Wednesday, February 26, 2014

You Again

Oh no. I'm sorry. I tried to avoid this. This blog is supposed to talk about anything substantial (ie something people can learn from, laugh at, or ponder on), but this is the second consecutive post about you. I don't think anybody is reading this blog anymore, anyway. My last entry, which was entirely about you, only garnered 11 reads as of now. So I figured it's probably safe to just blabber on. I need some form of catharsis for my thoughts. And since you're my secret crush, there really is nobody I can talk to about you. So I might as well put my thoughts in writing, lest I would someday forget about it.

Honestly, I feel weird writing about crushes. Geeez, I'm old, old enough to be labeled a spinster, actually. I wonder why I still get these silly "kilig" feelings whenever you're around. Can anybody give the exact English translation of that word? I don't think anybody can. But I know how that feels. Thanks to you.

Anyway, what I'm trying to say is this. I miss you. Terribly. You're out there somewhere far away right now, and it would be several days before you'll be back home. Knowing you're away makes me lonely. Well, we really don't see each other all the time, even if you're home. But the fact that you're around, just a few kilometers away from where I work, energizes me somehow. I always look forward to this little possibility of bumping into you in the most unlikely places, in restaurants, in malls, in streets, wherever. Fate has given us several chances of bumping into each other, actually. I said "it's a small world". You said "it's serendipity".

Since you left the city, I've been in a daze. I walk around mindlessly, not looking at people's faces, not staring at license plates of lithium-colored trucks. I've been having breakfast and coffee at the usual places, but I didn't really care about the next person who walks through the door. The certainty that I will never bump into you drains me of my usual enthusiasm for the city. Since you left, I feel my age more. I'm an old lady who feels old.

Do you ever think of me from where you are now? Are you also staring at the scenery mindlessly because you know you will never find me there? Do you also look forward to coming home because you miss our conversations and our laughter and this tiny weeny possibility that you'd bump into me in the most unlikely places?

I hope you do.

I look forward to having you home. Please come see me as soon as you can.

Tuesday, February 18, 2014

An Open Letter to A Secret Crush. From a Girl Who's No Longer Young.

I have a confession to make. I like you. I really do. I wish you'll never find out. But I'm writing this anyway. I don't think you read my blog so I think my secret is safe here. Or maybe I wish you will find out somehow, without me having to tell you in person. It scares me that you'll find out, and yet I would really really like you to know how I feel. So here goes. I'm shrouding you in a veil of anonymity, translucent though it is. I'm not making sense here. But my point is, I like you. I really do.

I know I'm no longer young. And you're far from young either. As a wise and grown-up lady, I should just have told you how I feel, straight, without metaphors or jargon. There's nothing to be scared of, really. I'm sure you've been through this before, with other women. And I've felt this way before too, for other men. But for some strange unexplainable reason, I still could not muster enough courage to tell you in person.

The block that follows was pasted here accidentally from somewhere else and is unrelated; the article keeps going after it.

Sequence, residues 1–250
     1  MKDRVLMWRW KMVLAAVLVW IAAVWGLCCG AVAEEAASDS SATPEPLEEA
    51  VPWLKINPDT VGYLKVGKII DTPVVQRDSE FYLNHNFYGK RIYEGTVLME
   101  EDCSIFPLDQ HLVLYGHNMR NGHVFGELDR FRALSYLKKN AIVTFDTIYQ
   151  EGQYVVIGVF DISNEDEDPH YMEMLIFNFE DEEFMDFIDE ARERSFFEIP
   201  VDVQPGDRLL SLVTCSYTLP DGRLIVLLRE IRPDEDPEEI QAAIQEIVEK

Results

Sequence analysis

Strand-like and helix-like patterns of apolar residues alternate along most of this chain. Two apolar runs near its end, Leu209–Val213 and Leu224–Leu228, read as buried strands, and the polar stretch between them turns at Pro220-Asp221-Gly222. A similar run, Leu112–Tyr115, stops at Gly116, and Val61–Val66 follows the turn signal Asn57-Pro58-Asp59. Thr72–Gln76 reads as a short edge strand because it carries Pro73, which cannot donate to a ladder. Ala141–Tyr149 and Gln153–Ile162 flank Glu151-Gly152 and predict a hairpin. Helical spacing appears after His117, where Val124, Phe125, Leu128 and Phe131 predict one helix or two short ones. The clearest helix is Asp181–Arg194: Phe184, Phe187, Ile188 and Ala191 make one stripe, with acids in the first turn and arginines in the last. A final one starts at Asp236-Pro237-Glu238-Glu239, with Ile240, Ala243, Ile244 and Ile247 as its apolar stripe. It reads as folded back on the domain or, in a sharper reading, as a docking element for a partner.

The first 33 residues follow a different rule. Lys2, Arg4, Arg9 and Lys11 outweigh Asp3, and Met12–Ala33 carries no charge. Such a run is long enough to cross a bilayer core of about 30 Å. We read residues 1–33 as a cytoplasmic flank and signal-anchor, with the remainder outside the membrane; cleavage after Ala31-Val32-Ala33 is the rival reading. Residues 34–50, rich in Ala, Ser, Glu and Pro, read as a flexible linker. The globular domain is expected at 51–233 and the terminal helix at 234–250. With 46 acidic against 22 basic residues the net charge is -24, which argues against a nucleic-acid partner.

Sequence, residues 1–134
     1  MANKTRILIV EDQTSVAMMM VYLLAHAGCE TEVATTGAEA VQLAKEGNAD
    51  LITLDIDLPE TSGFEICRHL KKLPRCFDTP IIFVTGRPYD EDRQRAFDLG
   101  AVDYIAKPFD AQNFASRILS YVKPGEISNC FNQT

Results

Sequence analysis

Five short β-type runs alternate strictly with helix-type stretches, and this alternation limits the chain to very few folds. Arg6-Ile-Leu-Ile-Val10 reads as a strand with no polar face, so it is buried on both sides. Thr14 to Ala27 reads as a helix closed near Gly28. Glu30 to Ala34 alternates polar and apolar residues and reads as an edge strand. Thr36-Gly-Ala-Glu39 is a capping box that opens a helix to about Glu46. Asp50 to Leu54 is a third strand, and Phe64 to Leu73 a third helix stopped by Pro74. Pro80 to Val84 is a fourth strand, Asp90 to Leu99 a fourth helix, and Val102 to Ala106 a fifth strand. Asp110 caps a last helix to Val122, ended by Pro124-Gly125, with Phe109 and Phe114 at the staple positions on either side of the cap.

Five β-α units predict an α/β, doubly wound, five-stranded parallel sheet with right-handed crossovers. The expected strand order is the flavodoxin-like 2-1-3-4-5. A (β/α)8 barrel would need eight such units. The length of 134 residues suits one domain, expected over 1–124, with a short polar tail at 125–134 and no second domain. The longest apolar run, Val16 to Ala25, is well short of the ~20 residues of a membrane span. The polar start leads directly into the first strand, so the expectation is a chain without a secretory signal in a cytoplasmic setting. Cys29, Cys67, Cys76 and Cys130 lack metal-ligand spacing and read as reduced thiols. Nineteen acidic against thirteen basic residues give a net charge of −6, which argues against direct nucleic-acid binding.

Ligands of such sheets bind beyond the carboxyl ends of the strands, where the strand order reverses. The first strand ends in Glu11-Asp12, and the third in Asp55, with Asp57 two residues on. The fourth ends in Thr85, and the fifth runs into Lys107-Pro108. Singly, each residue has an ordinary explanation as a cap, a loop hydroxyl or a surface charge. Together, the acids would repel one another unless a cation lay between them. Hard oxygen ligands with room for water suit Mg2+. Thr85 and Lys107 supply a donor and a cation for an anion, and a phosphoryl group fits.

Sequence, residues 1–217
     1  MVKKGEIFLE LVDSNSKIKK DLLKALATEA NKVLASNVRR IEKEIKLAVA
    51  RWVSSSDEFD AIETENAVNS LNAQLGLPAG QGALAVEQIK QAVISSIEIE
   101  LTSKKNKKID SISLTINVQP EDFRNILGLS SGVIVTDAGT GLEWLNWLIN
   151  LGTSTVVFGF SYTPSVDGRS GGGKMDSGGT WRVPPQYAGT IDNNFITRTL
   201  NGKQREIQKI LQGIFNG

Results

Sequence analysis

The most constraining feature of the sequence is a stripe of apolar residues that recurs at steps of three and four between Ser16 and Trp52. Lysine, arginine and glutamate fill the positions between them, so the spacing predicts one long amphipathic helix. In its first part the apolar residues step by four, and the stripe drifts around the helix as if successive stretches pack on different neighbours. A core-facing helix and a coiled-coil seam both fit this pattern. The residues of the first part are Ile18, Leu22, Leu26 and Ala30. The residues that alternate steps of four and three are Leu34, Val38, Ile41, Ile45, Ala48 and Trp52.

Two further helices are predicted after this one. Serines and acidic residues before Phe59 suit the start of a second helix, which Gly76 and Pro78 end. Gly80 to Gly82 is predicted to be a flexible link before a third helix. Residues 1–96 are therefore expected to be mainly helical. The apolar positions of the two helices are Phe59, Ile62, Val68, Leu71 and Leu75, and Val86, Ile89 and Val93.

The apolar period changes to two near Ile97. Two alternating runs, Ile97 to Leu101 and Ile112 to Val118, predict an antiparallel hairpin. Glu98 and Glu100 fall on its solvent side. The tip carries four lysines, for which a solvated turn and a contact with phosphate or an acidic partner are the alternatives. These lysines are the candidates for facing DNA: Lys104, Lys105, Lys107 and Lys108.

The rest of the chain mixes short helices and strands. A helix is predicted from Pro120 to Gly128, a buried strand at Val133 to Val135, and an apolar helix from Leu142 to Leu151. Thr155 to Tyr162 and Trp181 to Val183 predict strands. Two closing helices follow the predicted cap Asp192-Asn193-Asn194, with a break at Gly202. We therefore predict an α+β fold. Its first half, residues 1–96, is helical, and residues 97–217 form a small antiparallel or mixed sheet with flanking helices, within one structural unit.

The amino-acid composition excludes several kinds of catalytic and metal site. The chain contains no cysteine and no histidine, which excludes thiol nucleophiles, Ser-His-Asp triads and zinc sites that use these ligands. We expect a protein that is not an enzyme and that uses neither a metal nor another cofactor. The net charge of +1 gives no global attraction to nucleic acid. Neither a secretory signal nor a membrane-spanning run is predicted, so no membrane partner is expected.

Call me a coward, or a sissie, or childish and immature. Call me a prude, call me frigid. But when you're with me I just become quiet. I am speechless for things that matter, but verbose on the less important things. Things such as politics and waterfalls and India, things of no consequence at all that I tend to forget about them in a moment.  Why do we keep talking about these little things and so painstakingly steer away from talk of feelings and dreams and family and past relationships? It's unnatural. It's tiresome. It's making us drift apart just as soon as we as we get an inch too close for comfort.

But still the same, I like you. There's a mystery about you that I could not explain. Your ideas fascinate me. Your kindness and your vision impress me. I enjoy the way you make me laugh, love the way you make me think. I very rarely meet a man who knows the books I read, sings the songs I sing, and dreams of the adventures I long to do. But maybe they're all in my head. maybe you're just being you. Perhaps the reason why I like you is because I don't know you enough. Or I don't know you at all (though I would like to believe that that is not true, maybe I do know you a bit). Whether you are real or imagined, I do know that I really enjoy every moment I have with you. I think you are amazing. I think you are magical.

These feelings I indulge in now should have been extinct a decade ago. I don't recall feeling this way since college. And now these teenage feelings haunt me again, and they're more ferocious and intense than ever. Crushes are supposed to be for teens, not for middle-aged cardiologists. I'm 34 but I get these butterflies in my stomach whenever our eyes meet. My little heart leaps whenever you smile. There's a shiver in my spine when the back of your hand lightly touches my arm. My knees turn into jelly whenever you hold my hand. Haven't you noticed that whenever we're together, there's a silly smile plastered on my face? You make me sing - in the car, while walking, while drinking beer. Geeesh, you even made me dance once, and I never dance. Since i met you, this old woman is a little girl all over again, a silly, lovestruck, little girl crazy over her first crush. Thank you for that.